The Original Hybrid
Mattresses may seem simple enough, but when you're at the shops you're likely to come across various features and terms that you need to know about if you want to sleep soundly.
We've talked to our mattress experts to give you the answers you need before buying. Are 'orthopedic' mattresses really better for you? Does a greater spring density offer more support? What exactly is memory foam? Find out below.
This type of mattress has been increasing in popularity in recent years. They are sold online direct from manufacturer to consumer and delivered vacuum-packed in a box. Many bed-in-a-box mattresses come with long sleep trials, during which time you can return the mattress for a full refund if you decide you don't like it. There are T&Cs to check, though, so make sure you read these fully.
Contrary to popular belief, a mattress doesn’t have to be hard to be good for you. How firm it is comes down to personal preference, as long as it does a good job of supporting your body.
We measure the shape of a person's body at 36 points, both when standing up and when lying down on the mattress – this way, we can tell how well the mattress keeps your spine in the same shape as when you're standing up.
This isn’t to be mistaken with memory foam – foam is simply a synthetic sponge-like material. It doesn’t react to your body heat like memory foam does, but it is more affordable and still offers strong support.
Memory foam mattresses will often have a top layer of memory foam and a base layer of firmer foam, to reduce the cost but still offer strong support.
Handles help with flipping, turning and positioning the mattress. Many new mattresses don’t need to be flipped over, but they may still benefit from being rotated from head to foot a few times a year.
Memory foam mattresses are a good example of this – most manufacturers don't advise flipping, but you should use the handles to rotate the mattress from time to time.
This is a less common type of mattress, which features a core made up of layers of springy latex. These mattresses tend to be more expensive, but manufacturers claim that they're more durable and are better able to keep their shape.
Latex mattresses come in three varieties: natural, which is made using rubber tree sap, synthetic which uses a man-made rubber, and combination, which uses a bit of both.
Some mattresses come with a removable cover, which is handy if you're expecting to need to wash the mattress. If the mattress you choose doesn't come with a cover, you can buy one separately.
A mattress topper is an easy way to make your mattress more comfortable. It sits on top of a mattress, offering a layer of memory foam or extra padding. You can buy a mattress topper for as little as £10 – although most cost more than that.
This is a petroleum-based temperature-sensitive viscoelastic material, or in plain words, a man-made foam that softens and contours when subjected to body heat.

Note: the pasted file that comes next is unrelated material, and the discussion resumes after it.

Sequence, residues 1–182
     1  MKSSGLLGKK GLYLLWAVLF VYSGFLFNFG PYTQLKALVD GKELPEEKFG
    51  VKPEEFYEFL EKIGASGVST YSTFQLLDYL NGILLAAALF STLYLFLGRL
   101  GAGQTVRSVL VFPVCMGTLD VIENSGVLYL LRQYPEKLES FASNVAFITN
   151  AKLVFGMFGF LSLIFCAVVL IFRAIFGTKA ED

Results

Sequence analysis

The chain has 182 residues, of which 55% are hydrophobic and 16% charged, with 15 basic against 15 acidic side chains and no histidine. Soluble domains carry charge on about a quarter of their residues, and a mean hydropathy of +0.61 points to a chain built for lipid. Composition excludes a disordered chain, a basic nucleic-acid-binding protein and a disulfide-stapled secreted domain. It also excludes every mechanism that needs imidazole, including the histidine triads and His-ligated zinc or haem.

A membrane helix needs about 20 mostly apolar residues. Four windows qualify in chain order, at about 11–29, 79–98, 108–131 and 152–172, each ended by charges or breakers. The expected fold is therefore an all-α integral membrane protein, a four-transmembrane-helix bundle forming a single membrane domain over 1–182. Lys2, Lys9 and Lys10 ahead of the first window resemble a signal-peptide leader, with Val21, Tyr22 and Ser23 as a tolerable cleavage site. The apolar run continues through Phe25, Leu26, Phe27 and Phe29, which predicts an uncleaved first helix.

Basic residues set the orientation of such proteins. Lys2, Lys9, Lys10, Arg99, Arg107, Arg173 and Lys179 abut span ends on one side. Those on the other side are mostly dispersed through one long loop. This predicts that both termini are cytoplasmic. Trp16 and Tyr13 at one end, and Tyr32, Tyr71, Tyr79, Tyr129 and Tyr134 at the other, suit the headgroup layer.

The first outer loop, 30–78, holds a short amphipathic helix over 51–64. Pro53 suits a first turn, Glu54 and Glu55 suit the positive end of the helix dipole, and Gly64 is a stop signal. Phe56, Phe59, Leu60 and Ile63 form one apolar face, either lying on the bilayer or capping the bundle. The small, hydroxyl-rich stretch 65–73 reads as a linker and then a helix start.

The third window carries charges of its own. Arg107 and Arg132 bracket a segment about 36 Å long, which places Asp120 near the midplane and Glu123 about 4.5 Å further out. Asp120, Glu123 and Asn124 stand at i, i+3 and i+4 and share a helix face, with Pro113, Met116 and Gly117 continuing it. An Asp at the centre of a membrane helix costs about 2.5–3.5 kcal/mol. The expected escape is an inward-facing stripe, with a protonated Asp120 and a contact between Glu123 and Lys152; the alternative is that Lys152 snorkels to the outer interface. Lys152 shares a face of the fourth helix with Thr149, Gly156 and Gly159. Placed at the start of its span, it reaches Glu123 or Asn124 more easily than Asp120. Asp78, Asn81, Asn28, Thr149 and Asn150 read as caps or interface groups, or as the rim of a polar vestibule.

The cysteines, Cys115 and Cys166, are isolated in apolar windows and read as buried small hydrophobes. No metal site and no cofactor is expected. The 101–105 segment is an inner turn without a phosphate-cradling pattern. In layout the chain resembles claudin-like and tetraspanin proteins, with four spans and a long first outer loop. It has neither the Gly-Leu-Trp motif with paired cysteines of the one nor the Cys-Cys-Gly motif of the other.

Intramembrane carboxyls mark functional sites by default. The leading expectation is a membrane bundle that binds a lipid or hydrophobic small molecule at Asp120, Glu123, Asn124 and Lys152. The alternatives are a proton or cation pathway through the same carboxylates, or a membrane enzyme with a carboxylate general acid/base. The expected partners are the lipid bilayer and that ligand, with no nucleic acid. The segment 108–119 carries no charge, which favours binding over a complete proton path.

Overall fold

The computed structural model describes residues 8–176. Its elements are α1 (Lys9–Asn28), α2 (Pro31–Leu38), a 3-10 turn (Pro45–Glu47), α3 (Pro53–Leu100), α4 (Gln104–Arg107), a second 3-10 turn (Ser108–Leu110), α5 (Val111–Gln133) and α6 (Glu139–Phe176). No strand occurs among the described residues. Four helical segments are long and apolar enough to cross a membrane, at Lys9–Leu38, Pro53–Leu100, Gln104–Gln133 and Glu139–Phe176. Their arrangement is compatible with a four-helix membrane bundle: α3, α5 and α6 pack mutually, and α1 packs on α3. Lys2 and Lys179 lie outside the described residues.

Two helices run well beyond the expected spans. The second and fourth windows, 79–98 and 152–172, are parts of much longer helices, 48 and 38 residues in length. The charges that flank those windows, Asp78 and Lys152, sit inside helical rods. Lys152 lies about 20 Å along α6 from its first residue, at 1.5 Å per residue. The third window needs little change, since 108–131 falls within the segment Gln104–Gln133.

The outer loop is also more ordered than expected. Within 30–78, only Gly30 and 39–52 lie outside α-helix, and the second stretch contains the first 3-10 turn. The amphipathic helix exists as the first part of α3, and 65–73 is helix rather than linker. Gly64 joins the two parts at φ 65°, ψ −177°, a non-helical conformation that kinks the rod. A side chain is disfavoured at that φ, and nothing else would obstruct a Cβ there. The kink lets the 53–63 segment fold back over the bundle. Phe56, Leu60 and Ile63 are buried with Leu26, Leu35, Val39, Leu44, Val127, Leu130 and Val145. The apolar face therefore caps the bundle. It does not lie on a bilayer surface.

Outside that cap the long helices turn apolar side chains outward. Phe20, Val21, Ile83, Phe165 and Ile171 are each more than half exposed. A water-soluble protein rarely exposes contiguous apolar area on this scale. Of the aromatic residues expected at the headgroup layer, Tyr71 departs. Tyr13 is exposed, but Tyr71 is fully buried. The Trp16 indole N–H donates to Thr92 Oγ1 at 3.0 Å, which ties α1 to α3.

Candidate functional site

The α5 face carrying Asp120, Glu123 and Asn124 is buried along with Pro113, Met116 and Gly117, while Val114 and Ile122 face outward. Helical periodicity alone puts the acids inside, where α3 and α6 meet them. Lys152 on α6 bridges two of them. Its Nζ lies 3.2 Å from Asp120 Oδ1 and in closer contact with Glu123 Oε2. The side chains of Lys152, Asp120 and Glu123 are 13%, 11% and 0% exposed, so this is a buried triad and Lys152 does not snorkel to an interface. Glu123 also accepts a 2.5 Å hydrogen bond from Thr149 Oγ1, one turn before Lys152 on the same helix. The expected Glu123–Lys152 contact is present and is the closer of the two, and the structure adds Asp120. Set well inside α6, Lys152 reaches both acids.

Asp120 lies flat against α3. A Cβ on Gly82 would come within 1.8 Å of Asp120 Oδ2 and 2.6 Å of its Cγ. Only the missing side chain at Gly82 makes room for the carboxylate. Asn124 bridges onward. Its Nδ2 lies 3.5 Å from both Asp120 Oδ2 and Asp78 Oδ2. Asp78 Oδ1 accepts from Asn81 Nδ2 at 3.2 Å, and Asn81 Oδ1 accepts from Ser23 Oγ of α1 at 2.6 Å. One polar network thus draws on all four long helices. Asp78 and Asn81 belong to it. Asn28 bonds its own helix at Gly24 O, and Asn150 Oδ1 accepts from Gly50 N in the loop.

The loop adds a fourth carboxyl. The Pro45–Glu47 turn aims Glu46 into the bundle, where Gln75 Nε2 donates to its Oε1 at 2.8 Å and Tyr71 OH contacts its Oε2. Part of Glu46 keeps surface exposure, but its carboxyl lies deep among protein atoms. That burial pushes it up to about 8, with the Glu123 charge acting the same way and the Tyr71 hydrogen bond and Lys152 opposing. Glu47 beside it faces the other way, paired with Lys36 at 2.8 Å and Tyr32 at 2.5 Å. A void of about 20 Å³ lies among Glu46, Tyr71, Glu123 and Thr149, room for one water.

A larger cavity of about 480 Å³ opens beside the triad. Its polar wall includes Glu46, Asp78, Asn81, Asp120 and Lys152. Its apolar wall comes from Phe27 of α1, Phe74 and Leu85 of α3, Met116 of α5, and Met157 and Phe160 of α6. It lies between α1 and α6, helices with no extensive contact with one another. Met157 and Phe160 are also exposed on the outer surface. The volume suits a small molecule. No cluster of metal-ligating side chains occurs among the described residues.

Mattresses are never made entirely of memory foam, but ‘memory foam mattresses’ are simply topped with a layer of memory foam. This makes the shape of the mattress change to fit the shape of your body, and it also tends to make the mattress feel warmer.
Medical-sounding terms, such as ‘orthopedic’ and ‘posturepedic’, don't necessarily mean a mattress is better for you. There are no restrictions on the term 'orthopedic mattress', so any mattress can use that description.
The body-support rating we give in our mattress reviews shows how well each mattress keeps your spine in its natural position. This is your best guide to finding one that's good for your back.
Mattresses with spring systems are usually padded with man-made polymers, but some contain natural fibres such as horsehair or wool. These layers can affect firmness and breathability, both of which we test in every mattress. But more layers aren’t always better – the support from the springs is more important.
In pocket sprung mattresses, the springs are sewn into individual fabric pockets. Pocket sprung mattresses are the most popular type of mattress among Which? members – more than half of the members we surveyed about their mattress had bought a pocket sprung one.
Hot on the heels of the bed-in-the-box craze, the rolled-up mattress is gaining popularity. These mattresses come vacuum-packed in a handy cotton bag, so you can take them home with you. Alternatively, they can be delivered to your home and easily taken to the room you need - without having to try and wrestle a large mattress up your stairs or around tight corners.
When it comes to springs, it's quality rather than quantity that's important. The number of springs in your mattress is less important than how they’re constructed. Which? has tested mattresses with densities ranging from 440 to 1,085 springs and found wide variation in the level of support offered.